Can Underwear Make You Stronger?* fitness tips *No, but it sure looks (and feels) that way Who knew that a stretchy T-shirt made from a more breathable version of the fabric found in ladies’ girdles would become the base layer of choice for athletes as diverse as baseball…

Meet your secret muscles—and find out how these hidden assets can leverage your leap to peak performance

Travel can be a minefield of fatigue, jet lag, strange food, and fitness regimens shot to hell. It doesn't have to be that way. With our road-warrior plan, you can fight back—and win.

We're going to show you how to find your flow. The place where everything clicks and comes easy.

LISTEN UP: There's way more to achieving peak fitness than strength and cardio training. Here's how to unite body, mind, and soul to transform yourself into a Whole Athlete

I will be going hiking and kayaking in Hawaii next summer, but I concerned about the sun because of my very fair complexion. What are some good choices for clothing to help protect me from the ravages of the sun? Jeff Minneapolis, Minnesota

As anybody who's been hiking on the West Coast knows, getting "poison oaked" is a miserable experience. So, have you ever heard of Zanfel? According to the company's Web site, this soap is supposed to remove the urushiol from poison oak even after you get the rash. Unfortunately, it's really expensive—about $40 for a one-ounce tube! Does this stuff really work, or is it just snake oil? Rusty San Francisco, California

Stuart Stevens’s November story “Drug Test,” on the use of performance-enhancing substances in sports, incorrectly reported that cyclist Alexi Grewal, who won a road-racing gold medal at the 1984 Olympic Games in Los Angeles, prepared for that year’s competition with the use of blood packing, a transfusion technique that increases…

Everybody knows that many athletes cheat by using performance-enhancing drugs like steroids, testosterone, and EPO. But what is it like to take these banned substances? Do they really help you win? To find out, we sent an amateur cyclist into the back rooms of sports medicine, where he just said yes to the most controversial chemicals in sports.

How is weight training for snowboarding different from weight training for skiing? Anne Davis Boulder, Colorado

I get sunburned every time I go skiing. What SPF should I be looking for in my sunblock? Dian Goodspeed Albany, New York

The brave new world is coming—fast. With sci-fi fantasy turning into performance-enhancing reality, we separate the hype from breakthroughs you can use.

Can you recommend a trail running shoe that offers good ankle support? Most trail shoes are low- or mid-cut. I have weak ankles from years of basketball (sprains and a few breaks) and I'm looking for a high-top shoe to help prevent ankle rolls. Mark Stubbs Aliso Viejo, California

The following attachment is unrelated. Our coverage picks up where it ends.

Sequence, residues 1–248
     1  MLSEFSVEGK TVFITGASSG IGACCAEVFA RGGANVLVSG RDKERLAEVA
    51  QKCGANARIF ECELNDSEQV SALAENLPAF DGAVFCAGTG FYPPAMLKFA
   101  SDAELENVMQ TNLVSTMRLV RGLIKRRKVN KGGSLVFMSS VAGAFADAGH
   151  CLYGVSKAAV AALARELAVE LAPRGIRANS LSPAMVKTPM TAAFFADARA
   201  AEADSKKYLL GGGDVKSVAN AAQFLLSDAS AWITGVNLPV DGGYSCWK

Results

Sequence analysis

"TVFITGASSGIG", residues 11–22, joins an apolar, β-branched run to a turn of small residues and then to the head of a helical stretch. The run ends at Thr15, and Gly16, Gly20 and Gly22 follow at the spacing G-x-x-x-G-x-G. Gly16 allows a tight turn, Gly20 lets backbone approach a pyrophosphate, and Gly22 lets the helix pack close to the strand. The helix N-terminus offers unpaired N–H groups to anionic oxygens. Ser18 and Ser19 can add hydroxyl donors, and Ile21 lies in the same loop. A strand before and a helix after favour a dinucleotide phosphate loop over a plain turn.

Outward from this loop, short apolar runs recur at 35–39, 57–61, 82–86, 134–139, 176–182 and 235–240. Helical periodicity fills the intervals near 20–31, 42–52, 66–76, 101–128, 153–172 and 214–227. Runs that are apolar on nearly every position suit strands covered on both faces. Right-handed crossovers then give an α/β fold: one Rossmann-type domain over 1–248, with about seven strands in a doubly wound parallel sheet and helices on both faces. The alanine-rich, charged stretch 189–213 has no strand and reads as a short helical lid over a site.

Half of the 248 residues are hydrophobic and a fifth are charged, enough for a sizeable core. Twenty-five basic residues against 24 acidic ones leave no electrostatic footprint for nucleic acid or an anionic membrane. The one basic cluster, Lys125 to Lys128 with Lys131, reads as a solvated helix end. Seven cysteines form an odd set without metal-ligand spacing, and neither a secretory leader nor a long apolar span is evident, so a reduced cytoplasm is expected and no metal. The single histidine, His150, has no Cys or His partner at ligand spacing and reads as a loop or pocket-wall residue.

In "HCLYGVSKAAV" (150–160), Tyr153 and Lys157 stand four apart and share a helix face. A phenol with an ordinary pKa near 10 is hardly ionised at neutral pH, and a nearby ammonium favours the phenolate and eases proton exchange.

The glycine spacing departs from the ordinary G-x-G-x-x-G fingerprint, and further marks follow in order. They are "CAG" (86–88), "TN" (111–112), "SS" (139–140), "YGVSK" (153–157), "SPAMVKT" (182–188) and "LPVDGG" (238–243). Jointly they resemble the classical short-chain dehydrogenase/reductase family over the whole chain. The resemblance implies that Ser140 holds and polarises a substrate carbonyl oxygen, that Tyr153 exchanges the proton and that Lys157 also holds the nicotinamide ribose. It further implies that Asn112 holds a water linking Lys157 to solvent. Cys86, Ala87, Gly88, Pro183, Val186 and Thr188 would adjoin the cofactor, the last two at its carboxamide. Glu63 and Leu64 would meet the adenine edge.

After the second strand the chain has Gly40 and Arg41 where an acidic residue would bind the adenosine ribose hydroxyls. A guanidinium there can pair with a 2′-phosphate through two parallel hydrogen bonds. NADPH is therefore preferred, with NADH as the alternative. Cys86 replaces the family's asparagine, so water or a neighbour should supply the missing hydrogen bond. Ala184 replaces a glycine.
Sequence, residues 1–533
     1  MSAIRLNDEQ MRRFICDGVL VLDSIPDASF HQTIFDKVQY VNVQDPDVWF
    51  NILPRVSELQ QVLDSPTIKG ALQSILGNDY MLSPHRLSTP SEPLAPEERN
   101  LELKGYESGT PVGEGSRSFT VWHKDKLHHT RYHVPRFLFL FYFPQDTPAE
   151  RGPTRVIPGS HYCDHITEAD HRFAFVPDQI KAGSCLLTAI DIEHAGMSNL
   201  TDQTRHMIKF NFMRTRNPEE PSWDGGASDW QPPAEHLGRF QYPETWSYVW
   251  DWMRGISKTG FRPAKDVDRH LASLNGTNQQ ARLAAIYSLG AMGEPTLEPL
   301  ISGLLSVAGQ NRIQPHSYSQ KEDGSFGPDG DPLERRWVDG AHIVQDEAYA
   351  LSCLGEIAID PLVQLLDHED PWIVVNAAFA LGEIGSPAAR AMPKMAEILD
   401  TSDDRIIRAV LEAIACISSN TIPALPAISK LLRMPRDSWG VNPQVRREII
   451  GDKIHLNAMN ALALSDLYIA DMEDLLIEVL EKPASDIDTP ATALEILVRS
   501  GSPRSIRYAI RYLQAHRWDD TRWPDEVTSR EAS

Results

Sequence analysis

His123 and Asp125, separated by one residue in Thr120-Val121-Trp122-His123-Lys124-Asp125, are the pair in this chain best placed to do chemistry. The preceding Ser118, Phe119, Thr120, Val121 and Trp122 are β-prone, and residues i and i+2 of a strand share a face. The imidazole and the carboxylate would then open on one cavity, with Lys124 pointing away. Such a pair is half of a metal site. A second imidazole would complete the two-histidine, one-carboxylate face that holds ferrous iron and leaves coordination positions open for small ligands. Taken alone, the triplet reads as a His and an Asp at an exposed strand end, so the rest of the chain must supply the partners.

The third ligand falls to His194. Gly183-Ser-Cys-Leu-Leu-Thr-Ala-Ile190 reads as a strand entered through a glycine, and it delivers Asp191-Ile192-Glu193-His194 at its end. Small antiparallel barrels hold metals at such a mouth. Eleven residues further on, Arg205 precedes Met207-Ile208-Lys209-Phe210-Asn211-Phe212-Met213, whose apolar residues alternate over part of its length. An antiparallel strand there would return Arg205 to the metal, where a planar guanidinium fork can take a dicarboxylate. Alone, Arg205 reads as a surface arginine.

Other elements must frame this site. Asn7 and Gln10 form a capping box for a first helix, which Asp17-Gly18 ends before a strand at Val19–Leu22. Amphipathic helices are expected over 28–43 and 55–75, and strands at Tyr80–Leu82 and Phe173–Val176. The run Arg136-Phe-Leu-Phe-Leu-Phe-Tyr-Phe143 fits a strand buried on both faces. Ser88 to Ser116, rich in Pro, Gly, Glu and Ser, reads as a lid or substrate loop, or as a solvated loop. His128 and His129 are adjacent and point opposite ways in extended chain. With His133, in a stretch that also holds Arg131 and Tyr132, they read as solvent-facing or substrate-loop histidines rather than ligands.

Boy would I like your job! Anyway, next year I plan on doing some multi-day trail runs, so wanted some pack recommendations. These will most likely be overnight excursions, and there'll be two of us, so we can distribute tent components. So, what pack would you recommend to carry all my gear (half the tent, lightweight sleeping bag, some light wet-weather gear, food, water, sundries)? I was looking at packs around the 26-litre mark, but wondering if that'd be enough. Rob London, United Kingdom

Beta-tested by Olympians and elite athletes, the wizardry of neuromuscular training will hardwire you for peak performance

Bill Phillips, the most successful fitness author in history, is a Colorado recluse who got his start teaching muscleheads how to use steroids. He's cleaned up his act—his Body-for-Life program runs street legal, and it works—but he's still banking on a timeless American urge: Everybody wants to be huge.

Pass the summer splash test with these rowdy water fitness contests

Are the vitamins, minerals, and other nutrients packed into everything you chug and chew the real secret to becoming a finely tuned sports superstar? Turn the page.

It sounds too good to be true: a star miler turned criminal goes to prison, links up with a legendary track coach, trains behind bars until his feet bleed, and earns a spot on the U.S. Olympic team. Is the real world ready for Jon Gill's dream?

Forget the creepy promise of techno-longevity. Instead, take our advice: Live fast, die hard, and leave behind a worn-out, used-up, good-looking corpse.

The Fountain of Youth is a myth. But take heart: Intelligent training and an adventurous spirit will keep you running, kicking, screaming at the peak of your potential for years to come.

Juliet Draper may be the fittest firewoman alive: 185 pounds of chiseled, hollering, highly motivated tenacity. Now she wants to go global, teaching firehouse heroes everywhere how to shape up. Sounds like a pipe dream—but are you going to tell her to back off?

The fittest firewoman alive is transforming her colleagues into elite athletes. When she's done with them, she's coming after you.

Want an easy plan to prepare you to climb a mountain—say, 14,494-foot Mount Whitney? Here's a five-week program that'll whip you into summit-worthy shape.

Grueling workouts are the only way to get ready for long-distance endurance, right? Wrong.

If mom had told you what fruits and veggies can do for your game, maybe you would've listened. But it's not too late.

Here's a one-day meal plan fit for a noontime event or workout.

This month in New Zealand, the crew of Oracle/BMW will try to win the America’s Cup with the help of some unorthodox conditioning: grunting up and over sand dunes, terra firma’s closest approximation of a yacht rolling at sea.

Once the pleasure of a few professional masochists, grueling adventure sports are suddenly a national rage

With $100,000 for the winners, the world's most relentless teams, and a 138,000-vertical-foot Rocky Mountain course, the Subaru Primal Quest seemed poised to give big-time adventure racing a smashing return to U.S. soil. But then the race began—and all hell broke loose. A front-line report from the wildest, bumpiest game in the wilderness.